Anchor Steve Inskeep began the report with an admission about ObamaCare: "President Obama's health care overhaul law touches almost every aspect of health care, including birth control." Rovner first highlighted a woman from Tucson, Arizona who, despite having a "full-time job with health insurance [and] a husband," along with two kids, apparently couldn't afford the $25 a month copay for her birth control prescription. This led to her having a third child, and the woman declared that "while we're happy that she's here, it was not planned, and had we had some better finances, we probably could have made some better decisions."
Can anyone in Midway, Georgia take money for or even borrow food without risking arrest?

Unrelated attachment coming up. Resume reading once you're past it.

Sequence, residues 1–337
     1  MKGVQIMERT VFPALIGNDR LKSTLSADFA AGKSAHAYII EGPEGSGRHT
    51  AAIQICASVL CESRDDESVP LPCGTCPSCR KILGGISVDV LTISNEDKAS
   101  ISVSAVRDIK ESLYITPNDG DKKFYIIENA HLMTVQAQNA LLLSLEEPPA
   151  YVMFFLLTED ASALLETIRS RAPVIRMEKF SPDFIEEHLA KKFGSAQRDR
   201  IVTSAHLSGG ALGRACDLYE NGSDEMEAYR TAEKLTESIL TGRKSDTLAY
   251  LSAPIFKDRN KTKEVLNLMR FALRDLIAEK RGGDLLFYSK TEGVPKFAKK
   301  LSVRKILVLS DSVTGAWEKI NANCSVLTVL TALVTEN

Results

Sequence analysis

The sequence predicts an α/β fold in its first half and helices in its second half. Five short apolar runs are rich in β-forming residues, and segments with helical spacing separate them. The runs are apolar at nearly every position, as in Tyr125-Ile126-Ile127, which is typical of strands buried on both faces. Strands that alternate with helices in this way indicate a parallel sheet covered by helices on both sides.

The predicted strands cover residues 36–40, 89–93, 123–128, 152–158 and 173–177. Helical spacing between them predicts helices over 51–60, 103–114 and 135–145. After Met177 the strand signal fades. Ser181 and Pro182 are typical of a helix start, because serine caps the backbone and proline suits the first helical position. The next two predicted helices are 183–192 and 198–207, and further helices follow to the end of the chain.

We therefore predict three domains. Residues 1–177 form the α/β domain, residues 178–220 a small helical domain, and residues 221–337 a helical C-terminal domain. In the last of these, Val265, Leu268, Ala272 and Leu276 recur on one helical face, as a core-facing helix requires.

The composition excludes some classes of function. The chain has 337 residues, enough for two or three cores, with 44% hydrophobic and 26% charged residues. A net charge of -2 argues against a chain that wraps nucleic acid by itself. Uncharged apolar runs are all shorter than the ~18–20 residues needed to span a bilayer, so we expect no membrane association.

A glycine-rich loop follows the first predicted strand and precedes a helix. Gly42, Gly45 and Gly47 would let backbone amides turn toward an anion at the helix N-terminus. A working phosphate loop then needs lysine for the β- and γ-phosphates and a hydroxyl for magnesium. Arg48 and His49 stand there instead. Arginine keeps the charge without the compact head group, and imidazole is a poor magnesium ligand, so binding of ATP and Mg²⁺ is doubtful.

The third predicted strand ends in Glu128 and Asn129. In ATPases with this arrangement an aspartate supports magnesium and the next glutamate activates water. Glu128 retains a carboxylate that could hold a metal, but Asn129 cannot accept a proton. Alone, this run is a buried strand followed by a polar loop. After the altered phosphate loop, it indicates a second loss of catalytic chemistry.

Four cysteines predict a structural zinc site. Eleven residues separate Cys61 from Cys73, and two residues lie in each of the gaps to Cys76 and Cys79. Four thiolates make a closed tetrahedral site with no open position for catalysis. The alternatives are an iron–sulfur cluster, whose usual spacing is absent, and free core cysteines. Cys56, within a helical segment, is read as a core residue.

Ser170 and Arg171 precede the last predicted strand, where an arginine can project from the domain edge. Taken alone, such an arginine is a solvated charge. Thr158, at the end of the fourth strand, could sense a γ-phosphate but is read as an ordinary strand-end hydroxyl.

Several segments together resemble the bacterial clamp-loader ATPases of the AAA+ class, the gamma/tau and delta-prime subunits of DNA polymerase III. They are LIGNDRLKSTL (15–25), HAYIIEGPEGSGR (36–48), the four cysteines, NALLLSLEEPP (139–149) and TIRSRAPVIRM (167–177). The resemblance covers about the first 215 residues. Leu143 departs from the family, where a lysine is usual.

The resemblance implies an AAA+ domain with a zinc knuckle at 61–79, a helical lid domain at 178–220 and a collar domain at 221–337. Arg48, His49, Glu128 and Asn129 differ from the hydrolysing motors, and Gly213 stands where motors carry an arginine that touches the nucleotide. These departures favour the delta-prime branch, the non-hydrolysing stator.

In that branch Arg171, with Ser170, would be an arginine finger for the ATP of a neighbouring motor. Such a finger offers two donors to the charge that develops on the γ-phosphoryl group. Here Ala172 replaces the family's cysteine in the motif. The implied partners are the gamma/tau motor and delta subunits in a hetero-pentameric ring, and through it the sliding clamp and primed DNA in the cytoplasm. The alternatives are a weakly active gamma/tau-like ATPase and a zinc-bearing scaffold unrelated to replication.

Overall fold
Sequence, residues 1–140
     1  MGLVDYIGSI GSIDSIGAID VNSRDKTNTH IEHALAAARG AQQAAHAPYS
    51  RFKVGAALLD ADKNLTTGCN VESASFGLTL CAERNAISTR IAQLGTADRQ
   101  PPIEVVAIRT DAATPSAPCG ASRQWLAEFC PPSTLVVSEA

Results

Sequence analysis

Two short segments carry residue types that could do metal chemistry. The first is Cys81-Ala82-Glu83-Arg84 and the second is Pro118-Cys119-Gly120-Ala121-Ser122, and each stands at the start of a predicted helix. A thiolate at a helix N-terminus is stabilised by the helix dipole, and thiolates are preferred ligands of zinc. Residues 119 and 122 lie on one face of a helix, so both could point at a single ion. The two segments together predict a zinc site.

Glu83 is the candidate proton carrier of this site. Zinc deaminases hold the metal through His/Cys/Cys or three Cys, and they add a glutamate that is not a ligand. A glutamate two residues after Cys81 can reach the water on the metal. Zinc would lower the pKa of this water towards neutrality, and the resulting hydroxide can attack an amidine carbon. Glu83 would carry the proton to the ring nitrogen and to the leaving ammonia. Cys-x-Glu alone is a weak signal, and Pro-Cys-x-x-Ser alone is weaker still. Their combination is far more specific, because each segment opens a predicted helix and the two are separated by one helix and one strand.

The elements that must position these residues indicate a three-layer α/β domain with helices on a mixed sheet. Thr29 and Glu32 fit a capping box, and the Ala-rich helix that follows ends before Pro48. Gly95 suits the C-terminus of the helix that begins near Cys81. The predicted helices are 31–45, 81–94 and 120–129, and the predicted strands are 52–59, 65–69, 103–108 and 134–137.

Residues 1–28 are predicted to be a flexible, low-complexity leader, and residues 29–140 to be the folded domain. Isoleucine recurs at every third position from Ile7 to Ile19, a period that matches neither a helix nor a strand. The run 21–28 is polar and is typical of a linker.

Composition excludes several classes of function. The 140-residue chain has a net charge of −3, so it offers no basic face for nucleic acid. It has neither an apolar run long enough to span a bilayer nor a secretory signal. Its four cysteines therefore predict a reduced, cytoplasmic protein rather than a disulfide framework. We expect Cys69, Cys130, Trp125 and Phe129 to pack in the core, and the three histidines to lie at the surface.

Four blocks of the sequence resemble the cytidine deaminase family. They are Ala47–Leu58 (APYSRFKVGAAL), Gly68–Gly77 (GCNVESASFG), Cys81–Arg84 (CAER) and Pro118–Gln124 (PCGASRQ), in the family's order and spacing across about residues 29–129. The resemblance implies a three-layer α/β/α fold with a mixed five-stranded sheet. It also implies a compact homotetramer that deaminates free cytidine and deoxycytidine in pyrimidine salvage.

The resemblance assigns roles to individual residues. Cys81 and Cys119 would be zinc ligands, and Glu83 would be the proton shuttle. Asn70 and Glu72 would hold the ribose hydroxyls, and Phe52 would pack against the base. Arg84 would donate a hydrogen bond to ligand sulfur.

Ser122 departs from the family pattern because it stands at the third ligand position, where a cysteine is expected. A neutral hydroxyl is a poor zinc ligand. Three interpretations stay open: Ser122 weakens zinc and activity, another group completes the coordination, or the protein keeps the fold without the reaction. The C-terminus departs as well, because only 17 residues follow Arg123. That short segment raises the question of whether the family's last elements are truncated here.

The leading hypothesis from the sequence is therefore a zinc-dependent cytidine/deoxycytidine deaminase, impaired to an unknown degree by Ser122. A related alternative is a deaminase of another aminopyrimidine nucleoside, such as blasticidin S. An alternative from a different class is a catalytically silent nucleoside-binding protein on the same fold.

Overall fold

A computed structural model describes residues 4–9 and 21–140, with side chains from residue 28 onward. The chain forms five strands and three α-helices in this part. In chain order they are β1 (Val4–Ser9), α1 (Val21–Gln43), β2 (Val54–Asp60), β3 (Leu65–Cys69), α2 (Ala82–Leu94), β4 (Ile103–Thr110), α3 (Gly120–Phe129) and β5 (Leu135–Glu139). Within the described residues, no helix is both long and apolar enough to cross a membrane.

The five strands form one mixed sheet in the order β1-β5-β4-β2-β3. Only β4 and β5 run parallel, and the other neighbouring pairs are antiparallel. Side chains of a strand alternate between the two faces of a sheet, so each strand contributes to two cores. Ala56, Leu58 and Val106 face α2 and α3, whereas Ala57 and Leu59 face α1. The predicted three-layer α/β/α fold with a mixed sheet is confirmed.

If you're in Midway, you'd better not let your neighbors reimburse you for any homemade food you cook or grow, or you might get busted for not having "a business license, peddler’s permit, and food permit to set up shop, even on residential property." Heck, you may have to worry about even giving your output away.
That's where you have to go with the "logic" of a story from Maura Kennedy at TV station WJCL (HT AP; bolds are mine; video is at link, where, in an unusual choice of priorities, this was apparently the lead story):